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The Era Of Cognitive Dissonance

, June 21, 2023, 2 Comments

Cognitive dissonance as a concept intrigued me to the extent that I pursued my arduous research journey of 7 years on this topic. What is cognitive dissonance? According to Festinger (1957) cognitive dissonance theory states that a person is in a state of unrest if he/she is faced with cognitions that are not in consonance with their beliefs. My research study got me reading several interdisciplinary articles and papers on cognitive dissonance. I was overwhelmed by the amount of research on this topic. The beauty of cognitive dissonance is that it is omni- prevalent in day to day life and is the core of human motivation.

“He had very few doubts, and when the facts contradicted his views on life he shut his eyes in disapproval” -Hermann Hesse, The Fairy Tales of Hermann Hesse

The origin of cognitive dissonance theory enthralled me all the more. Festinger’s methodology of disconfirmation of a prophecy by one Mrs Keech that a great flood would end the world strengthened his arguments on dissonant beliefs. A group of people who believed the prophecy were even ready to leave the earth on a so-called alien ship.
From the academic background I come i.e. marketing generally cognitive dissonance is associated with negative outcomes, however in psychology cognitive dissonance may not always lead to negative outcomes. A cognitive discomfort can lead to a chain of critical thinking, introspection that might cause some good changes in a person.

Cognitive dissonance is all pervasive in today’s age thanks to the constant bombardment of information. Discontentment, regret and anxiety is a daily part of our lives due to the overwhelming choices we are presented with.

Based on my personal experiences and observations, discontentment due to purchase decisions was hardly seen in my parents or grandparents as they never scrutinized their purchase decisions. Or could I daresay the information dearth or ignorance kept them happy, reaffirming the adage “Ignorance is bliss”. My father’s replies to many of his decisions still ring in my ears “I did not have much of a choice”.

I have heard numerous acquaintances of mine crib about their decisions on purchases, marriage, job and so on. Has the ubiquity of time and extreme convenient lifestyles led to over thinking? If I were to follow a diet, there could be “n” number of influencers, vlogs either vying about the diet or purely rejecting it. If I were to watch a video about the diet, YouTube would recommend similar videos that might differ in opinion on the same subject, this unending flow of opinions could lead to indecisiveness. In my profession of teaching I have seen a lot of my students plunge into the ocean of indecisiveness, many of my students who wanted to pursue higher studies are still clueless and are pursuing random jobs and settling in for mediocrity. The huge amount of information and choices is leading to decision fatigue among many youngsters. Unlike the earlier days where a person first took a decision and then went in search of information, in the current age information overload is creating many decision moments. The higher the decision need, the more number of variables, more is the likelihood that some decisions end up dissonant to opinion belief. As a kid most of my decisions regarding food, clothing were taken by my parents, but now the scenario is different most of the kids make their own choices, they put in a lot of effort to make so many choices that they might fail to prioritize which decisions they have to spend more quality time.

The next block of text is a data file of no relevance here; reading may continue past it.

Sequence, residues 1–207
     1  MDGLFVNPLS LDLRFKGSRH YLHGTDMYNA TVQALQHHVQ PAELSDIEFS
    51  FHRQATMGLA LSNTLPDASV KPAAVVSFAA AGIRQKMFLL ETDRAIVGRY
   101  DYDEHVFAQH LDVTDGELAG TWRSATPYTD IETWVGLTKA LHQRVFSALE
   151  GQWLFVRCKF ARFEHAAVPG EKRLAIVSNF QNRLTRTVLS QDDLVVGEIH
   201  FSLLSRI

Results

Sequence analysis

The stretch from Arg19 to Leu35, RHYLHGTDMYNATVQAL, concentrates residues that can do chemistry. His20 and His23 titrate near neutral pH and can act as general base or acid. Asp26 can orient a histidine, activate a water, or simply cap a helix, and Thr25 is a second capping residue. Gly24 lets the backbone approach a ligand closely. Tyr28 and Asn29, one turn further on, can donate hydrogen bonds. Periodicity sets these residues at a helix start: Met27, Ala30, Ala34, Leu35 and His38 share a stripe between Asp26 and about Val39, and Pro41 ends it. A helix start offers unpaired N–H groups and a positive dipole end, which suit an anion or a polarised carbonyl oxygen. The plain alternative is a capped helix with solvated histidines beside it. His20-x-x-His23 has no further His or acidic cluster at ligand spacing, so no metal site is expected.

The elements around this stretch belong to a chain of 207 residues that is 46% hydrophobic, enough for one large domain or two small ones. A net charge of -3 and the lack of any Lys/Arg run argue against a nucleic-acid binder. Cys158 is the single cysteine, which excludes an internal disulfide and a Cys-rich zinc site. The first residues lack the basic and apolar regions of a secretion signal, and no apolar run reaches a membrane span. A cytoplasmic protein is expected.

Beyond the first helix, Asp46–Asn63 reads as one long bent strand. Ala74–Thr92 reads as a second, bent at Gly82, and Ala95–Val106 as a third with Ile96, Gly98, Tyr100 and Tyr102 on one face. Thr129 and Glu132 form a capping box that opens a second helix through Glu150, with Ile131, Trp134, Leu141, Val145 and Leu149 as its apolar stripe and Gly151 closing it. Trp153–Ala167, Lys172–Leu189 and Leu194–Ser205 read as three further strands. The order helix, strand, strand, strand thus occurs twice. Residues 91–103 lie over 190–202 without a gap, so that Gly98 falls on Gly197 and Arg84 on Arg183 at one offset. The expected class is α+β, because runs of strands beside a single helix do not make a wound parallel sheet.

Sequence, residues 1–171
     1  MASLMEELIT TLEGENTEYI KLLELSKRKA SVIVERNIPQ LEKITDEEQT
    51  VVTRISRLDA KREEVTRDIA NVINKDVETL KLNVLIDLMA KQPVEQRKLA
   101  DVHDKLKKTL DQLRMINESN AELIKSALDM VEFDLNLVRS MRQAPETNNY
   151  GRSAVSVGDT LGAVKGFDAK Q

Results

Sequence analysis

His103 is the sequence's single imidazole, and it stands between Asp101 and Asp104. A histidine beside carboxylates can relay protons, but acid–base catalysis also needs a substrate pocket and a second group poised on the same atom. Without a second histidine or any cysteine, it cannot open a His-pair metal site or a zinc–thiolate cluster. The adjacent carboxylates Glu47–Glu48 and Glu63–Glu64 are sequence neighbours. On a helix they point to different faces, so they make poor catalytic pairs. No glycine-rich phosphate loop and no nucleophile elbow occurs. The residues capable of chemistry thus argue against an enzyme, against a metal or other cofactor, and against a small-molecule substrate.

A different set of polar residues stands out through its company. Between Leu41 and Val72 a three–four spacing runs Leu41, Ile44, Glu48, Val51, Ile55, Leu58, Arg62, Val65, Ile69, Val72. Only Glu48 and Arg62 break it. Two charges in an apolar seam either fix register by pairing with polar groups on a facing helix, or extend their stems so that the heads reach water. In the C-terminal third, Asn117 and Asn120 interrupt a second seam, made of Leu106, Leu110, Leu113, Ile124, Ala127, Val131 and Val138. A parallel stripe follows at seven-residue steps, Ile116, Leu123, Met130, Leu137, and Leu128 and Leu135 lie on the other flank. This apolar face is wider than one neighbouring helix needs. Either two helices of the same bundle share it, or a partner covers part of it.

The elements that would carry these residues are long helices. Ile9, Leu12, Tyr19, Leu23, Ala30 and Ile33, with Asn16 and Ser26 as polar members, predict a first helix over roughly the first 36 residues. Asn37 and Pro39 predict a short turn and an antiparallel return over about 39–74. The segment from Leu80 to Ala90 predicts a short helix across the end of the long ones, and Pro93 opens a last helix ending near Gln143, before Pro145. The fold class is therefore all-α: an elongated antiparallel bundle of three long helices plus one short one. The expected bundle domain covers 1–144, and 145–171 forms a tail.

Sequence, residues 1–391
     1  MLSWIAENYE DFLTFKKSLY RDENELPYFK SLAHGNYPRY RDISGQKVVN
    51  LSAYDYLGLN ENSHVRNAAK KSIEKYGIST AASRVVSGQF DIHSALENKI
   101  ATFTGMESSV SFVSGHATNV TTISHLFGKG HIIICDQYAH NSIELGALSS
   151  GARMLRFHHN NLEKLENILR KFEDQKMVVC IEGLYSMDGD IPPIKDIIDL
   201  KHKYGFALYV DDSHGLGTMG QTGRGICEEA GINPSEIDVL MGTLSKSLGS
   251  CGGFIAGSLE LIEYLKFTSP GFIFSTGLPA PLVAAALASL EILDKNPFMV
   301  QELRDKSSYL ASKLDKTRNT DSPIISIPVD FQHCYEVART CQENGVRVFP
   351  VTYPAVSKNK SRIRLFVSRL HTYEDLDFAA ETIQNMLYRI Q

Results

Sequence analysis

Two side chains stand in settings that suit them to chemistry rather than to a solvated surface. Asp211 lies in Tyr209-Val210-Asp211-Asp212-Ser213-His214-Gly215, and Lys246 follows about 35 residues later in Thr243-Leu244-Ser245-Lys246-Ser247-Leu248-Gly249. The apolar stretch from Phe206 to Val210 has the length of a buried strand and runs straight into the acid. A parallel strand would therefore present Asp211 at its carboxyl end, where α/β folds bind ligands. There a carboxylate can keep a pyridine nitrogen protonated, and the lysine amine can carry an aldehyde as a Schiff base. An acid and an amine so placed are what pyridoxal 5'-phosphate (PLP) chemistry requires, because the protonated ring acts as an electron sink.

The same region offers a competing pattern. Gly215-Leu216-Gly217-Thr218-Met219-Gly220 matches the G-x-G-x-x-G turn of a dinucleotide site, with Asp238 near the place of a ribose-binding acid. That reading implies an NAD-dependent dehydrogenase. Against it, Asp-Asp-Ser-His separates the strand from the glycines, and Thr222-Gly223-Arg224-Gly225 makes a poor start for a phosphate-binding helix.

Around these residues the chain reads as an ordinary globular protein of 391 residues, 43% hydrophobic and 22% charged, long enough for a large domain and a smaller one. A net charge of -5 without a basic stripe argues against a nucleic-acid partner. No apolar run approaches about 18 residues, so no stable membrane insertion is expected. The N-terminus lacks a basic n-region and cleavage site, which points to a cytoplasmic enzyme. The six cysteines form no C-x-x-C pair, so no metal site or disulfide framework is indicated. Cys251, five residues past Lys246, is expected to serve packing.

cognitive-dissonance-marketexpress-inThe figure given above is an assumption or hypothesis that has to be tested. The figure tries to explain that when a person’s beliefs are not challenged to a great extent, he/she might be complacent and might lack the motivation for change or growth. However, when a person’s beliefs are challenged to an optimal level, he/she might experience cognitive dissonance. They might be motivated to change or grow in order to address their cognitive dissonance. They might seek information or feedback. However, in scenarios where individuals are bombarded with information or receive excessive feedback they might be overwhelmed by decision fatigue and might not be motivated to change or grow.